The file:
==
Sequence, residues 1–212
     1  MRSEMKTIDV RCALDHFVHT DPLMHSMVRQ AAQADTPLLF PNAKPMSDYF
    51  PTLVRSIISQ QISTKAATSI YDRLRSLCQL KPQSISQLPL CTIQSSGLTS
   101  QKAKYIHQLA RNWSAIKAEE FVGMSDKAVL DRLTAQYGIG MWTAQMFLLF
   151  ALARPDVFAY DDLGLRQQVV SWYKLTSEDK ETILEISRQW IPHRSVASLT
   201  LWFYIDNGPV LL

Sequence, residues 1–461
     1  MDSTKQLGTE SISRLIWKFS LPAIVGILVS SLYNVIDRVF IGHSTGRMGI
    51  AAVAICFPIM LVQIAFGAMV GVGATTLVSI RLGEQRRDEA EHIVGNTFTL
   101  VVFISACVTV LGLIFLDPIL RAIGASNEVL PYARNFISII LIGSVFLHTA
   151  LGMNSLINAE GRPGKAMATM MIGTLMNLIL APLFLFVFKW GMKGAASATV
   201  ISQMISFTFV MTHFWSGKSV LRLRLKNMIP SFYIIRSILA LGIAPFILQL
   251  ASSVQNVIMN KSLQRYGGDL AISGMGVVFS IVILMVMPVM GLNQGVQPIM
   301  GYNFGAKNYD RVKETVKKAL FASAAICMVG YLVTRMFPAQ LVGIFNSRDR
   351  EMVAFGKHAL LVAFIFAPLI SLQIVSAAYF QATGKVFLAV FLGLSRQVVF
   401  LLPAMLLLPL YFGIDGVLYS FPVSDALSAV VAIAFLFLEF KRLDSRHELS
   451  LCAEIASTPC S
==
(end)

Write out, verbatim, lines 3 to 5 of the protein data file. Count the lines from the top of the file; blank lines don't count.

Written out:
    51  PTLVRSIISQ QISTKAATSI YDRLRSLCQL KPQSISQLPL CTIQSSGLTS
   101  QKAKYIHQLA RNWSAIKAEE FVGMSDKAVL DRLTAQYGIG MWTAQMFLLF
   151  ALARPDVFAY DDLGLRQQVV SWYKLTSEDK ETILEISRQW IPHRSVASLT